The Department of Justice (DOJ) released a statement Thursday disagreeing with the Supreme Court’s ruling in a case involving a New York concealed carry law.
“We respectfully disagree with the Court’s conclusion that the Second Amendment forbids New York’s reasonable requirement that individuals seeking to carry a concealed handgun must show that they need to do so for self-defense,” the statement read. (RELATED: ‘I’m Prepared To Go Back To Muskets’: New York Gov. Hochul Rages Over SCOTUS Overturning Concealed Carry Law)
“The Department of Justice remains committed to saving innocent lives by enforcing and defending federal firearms laws, partnering with state, local and tribal authorities and using all legally available tools to tackle the epidemic of gun violence plaguing our communities,” the DOJ added.
BREAKING: DOJ releases statement that they “respectfully disagree” with Supreme Court’s ruling on New York gun law: “The Department of Justice remains committed to saving innocent lives by enforcing and defending federal firearms laws.” https://t.co/DZ7dBEjJ36 pic.twitter.com/OdFm2rdOhz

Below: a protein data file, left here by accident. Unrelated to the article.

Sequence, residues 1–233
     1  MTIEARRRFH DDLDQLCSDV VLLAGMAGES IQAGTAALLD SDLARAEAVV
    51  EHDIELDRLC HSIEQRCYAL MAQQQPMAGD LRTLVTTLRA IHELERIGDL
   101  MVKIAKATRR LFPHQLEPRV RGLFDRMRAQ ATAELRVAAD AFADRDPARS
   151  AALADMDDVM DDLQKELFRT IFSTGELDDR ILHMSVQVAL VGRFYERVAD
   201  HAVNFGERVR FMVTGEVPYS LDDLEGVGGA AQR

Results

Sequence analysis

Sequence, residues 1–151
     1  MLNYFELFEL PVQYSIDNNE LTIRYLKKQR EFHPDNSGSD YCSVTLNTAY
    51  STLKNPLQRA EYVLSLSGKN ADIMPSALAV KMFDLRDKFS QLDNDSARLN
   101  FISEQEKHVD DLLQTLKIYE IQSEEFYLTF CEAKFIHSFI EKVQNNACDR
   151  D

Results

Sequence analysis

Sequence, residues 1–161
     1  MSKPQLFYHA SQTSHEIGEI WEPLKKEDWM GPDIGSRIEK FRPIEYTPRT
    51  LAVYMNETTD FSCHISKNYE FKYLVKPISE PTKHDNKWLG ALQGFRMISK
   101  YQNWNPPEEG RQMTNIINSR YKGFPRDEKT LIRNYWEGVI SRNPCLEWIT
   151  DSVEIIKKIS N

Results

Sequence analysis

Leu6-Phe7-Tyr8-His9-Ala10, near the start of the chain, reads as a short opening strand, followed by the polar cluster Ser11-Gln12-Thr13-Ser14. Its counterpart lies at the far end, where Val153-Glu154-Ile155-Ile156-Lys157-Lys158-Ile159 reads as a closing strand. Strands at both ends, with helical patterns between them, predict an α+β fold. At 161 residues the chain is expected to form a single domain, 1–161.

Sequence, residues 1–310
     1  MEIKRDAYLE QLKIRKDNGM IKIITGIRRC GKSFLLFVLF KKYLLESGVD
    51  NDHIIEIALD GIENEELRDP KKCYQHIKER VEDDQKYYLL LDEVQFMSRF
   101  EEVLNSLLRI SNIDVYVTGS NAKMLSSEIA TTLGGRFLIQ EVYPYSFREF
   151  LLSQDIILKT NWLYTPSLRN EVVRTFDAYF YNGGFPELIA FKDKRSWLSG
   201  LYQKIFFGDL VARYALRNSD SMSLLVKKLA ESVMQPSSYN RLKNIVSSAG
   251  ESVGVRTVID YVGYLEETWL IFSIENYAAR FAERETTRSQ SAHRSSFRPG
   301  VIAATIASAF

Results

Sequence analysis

— ABC News Politics (@ABCPolitics) June 23, 2022
The Supreme Court struck down a New York state regulation requiring residents to prove “proper cause” in order to obtain a conceal carry permit in a decision released Thursday. The court ruled 6-3 in the case, New York State Rifle and Pistol Association v. Bruen, that the state’s “proper-cause requirement violates the Fourteenth Amendment by preventing law-abiding citizens with ordinary self-defense needs from exercising their Second Amendment right to keep and bear arms in public for self-defense.”
“The constitutional right to bear arms in public for self-defense is not ‘a second-class right, subject to an entirely different body of rules than the other Bill of Rights guarantees,'” Justice Clarence Thomas wrote in the majority opinion.